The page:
Sustainable provision of safe, clean and adequate water supply is a global challenge. Water treatment and desalination technologies remain chemically and energy intensive, ineffective in removing key trace contaminants, and poorly suited to deployment in decentralized (distributed) water treatment systems globally. Several recent efforts have sought to leverage the reactive and tunable properties of nanomaterials to address these technological shortcomings. This Review assesses the potential applications of nanomaterials in advancing sustainable water treatment systems and proposes ways to evaluate the environmental risks and social acceptance of nanotechnology-enabled water treatment processes. Future areas of research necessary to realize safe deployment of promising nanomaterial applications are also identified.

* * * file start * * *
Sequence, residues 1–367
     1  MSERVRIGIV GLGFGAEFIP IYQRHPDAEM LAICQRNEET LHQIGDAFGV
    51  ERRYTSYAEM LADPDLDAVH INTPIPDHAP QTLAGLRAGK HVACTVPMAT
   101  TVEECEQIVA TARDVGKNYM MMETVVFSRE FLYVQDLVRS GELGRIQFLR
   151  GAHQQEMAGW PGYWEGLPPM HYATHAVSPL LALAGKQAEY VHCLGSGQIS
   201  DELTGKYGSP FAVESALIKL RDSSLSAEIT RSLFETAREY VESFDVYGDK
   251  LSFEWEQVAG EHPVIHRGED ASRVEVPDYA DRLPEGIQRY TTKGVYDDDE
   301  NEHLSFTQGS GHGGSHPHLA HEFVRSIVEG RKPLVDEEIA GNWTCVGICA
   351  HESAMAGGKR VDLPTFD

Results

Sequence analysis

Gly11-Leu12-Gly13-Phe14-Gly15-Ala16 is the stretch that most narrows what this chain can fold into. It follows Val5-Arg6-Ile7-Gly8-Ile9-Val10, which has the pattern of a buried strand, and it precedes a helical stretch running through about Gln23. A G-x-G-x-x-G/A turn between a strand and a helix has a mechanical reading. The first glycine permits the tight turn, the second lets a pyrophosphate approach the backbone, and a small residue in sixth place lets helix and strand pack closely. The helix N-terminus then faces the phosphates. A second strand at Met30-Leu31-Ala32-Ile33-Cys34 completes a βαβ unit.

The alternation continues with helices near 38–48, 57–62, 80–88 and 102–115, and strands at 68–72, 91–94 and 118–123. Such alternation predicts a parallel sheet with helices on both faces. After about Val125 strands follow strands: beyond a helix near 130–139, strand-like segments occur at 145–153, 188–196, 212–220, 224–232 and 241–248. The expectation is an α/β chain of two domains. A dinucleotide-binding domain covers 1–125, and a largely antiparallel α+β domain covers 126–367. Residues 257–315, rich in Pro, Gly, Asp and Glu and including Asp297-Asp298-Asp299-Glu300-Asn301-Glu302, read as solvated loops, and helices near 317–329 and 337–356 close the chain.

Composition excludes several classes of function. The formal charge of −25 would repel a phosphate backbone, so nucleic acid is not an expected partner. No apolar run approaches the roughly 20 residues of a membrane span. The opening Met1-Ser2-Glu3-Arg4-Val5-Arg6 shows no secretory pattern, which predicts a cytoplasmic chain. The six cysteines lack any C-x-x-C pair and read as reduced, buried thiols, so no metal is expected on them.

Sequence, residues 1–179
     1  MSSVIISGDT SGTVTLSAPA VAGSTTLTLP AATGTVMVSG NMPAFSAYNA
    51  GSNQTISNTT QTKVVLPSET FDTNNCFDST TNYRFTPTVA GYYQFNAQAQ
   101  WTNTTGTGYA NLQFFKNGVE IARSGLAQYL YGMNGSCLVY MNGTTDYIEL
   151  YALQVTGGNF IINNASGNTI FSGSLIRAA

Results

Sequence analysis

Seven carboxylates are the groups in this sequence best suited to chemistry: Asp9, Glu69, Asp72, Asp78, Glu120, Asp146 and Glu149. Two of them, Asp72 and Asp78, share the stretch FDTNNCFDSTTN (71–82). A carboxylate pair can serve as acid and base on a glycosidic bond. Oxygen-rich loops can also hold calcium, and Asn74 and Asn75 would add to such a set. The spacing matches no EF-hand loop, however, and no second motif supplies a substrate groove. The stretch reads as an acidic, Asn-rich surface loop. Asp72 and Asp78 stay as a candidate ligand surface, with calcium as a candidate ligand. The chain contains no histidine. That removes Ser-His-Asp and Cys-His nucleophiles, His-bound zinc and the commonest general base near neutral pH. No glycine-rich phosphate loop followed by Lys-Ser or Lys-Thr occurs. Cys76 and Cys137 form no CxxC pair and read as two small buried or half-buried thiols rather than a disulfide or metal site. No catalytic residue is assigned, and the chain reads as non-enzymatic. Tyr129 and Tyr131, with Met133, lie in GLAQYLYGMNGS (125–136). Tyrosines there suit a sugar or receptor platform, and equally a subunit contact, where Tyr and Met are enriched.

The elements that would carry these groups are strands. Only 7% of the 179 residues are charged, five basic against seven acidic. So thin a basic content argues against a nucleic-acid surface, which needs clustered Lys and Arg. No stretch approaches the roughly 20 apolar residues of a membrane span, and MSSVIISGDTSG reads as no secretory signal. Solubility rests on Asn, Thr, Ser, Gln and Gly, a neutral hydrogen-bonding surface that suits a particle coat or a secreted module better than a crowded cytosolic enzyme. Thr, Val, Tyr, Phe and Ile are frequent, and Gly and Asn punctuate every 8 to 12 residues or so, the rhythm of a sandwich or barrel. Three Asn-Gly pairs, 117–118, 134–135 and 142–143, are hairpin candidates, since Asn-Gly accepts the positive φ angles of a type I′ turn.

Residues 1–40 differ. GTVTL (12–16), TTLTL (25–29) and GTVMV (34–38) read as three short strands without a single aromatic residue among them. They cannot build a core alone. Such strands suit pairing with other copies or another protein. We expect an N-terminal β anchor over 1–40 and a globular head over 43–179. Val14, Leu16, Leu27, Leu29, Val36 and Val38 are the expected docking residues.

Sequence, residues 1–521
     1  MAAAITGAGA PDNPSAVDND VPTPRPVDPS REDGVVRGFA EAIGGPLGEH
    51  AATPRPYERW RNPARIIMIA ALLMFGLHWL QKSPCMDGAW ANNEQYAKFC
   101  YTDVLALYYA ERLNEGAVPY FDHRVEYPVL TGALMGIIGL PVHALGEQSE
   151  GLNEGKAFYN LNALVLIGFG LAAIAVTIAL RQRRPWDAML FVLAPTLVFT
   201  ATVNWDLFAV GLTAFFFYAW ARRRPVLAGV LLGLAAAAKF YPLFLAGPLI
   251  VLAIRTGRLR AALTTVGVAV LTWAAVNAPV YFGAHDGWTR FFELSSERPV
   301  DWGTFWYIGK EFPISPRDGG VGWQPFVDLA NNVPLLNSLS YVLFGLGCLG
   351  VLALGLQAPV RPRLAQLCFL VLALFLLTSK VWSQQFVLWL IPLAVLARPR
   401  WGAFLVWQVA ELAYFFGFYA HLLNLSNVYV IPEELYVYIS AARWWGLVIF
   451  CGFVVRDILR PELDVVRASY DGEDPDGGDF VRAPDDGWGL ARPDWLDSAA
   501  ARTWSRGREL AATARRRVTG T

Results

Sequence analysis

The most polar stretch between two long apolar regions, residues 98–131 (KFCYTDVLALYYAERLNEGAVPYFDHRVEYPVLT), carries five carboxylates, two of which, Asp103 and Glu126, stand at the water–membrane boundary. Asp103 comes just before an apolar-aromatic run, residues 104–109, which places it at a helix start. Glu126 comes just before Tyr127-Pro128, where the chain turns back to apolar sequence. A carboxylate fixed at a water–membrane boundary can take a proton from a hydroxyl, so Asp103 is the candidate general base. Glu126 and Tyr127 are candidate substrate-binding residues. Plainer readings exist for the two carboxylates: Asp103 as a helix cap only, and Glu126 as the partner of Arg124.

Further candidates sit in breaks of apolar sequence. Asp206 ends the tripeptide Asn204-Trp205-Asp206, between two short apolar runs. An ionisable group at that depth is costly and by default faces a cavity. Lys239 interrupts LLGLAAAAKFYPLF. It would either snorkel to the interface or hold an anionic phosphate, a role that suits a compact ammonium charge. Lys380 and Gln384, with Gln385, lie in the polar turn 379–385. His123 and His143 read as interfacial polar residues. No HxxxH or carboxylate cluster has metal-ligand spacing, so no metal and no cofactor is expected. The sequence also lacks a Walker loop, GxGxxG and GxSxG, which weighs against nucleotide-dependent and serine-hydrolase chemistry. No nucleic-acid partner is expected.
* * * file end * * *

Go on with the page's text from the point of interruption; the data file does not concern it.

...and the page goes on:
Bibliographical noteFunding Information:
We acknowledge the support received from the US National Science Foundation (NSF) through the Nanosystems Engineering Research Center for Nanotechnology Enabled Water Treatment (Grant EEC-1449500).
© 2018 The Author(s).